in the mechanical dept. - since
1909. Have operated a machine
for over 20 yrs - derrick engineer.




1st Barnabus Root
sponsored by Mr. Holyoke --
brought as a babe from Africa
& returned
(Burt Wilson - Lombard)




Proud of those who
are upright - honest -
let your work be your bond--
what you agree to stick to
it. It's the only way of
prosperity. "If you believe
in me follow me & you shall
have everlasting life."


Those that are a god-
loving man and a god-
fearing man - they will
complete the groups


In '71 I was learning
masonry. I had got $.50
a day. Then I got $2.50 when
I was put to the master line
- about '72. No specially hard
time in '73 - had all the work
I could do.
Can't remember the panic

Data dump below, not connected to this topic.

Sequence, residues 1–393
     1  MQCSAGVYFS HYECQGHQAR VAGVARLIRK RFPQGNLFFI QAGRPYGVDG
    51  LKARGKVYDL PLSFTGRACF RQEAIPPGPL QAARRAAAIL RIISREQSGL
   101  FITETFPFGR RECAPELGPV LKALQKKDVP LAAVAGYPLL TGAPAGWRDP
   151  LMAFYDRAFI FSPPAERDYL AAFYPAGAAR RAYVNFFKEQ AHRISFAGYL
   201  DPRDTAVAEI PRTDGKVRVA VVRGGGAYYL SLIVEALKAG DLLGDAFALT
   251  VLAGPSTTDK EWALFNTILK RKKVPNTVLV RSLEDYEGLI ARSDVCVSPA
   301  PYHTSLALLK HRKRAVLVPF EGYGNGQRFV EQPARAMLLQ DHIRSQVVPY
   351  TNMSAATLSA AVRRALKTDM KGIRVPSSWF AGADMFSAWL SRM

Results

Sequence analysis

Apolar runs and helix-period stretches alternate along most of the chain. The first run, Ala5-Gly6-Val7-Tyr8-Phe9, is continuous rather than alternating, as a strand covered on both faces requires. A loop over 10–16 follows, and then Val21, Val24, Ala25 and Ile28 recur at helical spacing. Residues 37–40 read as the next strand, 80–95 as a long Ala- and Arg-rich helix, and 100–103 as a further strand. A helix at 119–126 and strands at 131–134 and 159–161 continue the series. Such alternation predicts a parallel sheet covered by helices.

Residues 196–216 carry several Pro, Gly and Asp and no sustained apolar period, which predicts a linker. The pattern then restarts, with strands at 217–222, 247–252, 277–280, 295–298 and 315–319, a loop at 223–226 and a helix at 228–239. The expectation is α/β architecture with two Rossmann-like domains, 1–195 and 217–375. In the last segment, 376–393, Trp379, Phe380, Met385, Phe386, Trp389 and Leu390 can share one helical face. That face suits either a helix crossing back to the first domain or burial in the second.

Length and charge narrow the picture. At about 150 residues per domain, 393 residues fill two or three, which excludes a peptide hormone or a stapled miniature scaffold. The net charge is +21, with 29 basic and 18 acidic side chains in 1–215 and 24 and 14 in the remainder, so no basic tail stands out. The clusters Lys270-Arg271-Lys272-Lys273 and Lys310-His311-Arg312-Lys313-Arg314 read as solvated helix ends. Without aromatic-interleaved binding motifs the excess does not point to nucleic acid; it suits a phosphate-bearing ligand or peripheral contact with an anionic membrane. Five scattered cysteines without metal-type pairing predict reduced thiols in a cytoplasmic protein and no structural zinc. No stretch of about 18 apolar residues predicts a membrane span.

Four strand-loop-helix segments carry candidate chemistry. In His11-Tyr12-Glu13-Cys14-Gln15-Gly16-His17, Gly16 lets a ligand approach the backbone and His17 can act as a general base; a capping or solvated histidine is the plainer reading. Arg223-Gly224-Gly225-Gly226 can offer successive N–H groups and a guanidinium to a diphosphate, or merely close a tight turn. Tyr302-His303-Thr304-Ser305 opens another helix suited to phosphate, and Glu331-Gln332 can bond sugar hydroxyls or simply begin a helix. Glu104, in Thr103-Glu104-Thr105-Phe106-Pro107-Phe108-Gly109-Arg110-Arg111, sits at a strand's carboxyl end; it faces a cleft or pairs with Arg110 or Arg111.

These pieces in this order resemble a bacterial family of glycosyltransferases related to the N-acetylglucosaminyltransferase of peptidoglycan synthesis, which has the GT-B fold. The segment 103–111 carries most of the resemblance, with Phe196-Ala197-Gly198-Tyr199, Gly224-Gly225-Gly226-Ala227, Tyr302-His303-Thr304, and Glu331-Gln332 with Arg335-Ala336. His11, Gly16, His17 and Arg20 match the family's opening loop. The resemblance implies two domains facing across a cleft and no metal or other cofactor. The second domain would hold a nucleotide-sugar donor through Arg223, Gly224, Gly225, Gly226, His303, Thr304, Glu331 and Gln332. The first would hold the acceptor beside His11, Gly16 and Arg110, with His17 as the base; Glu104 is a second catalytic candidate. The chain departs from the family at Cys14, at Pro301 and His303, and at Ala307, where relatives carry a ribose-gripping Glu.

of '93 - always had work. Never

let an honest $ slip
by these hands.


In the So. [South] my young
mistress every day after school
would be playing with us. I
slept in the house in a trundle
bed under our mother's
bed. White children & color-
ed slept in the same bed.
Geo. Fletcher's grandfather
was Mr. Fuqued's overseer - look-
ed like an Indian (Mr. F. was my master's
father in law.)


Answered earlier
Cf. #13


Don't approve. God
created the water. He
didn't separate the
fishes - all kinds in there.


When they 1st started
they had a colored school at
Simmons & Academy (north
side). Mrs. Lockwood - later
Mr. Breckenridge taught
there. I gave $30 to Miss
Rachel Freese to teach me
to read the Bible. If I'd got
and ed. [education] I might have been a
bigger fool than I am today.
Physical Descriptionhandwritten on 4 x 5 in. pieces of scrap paper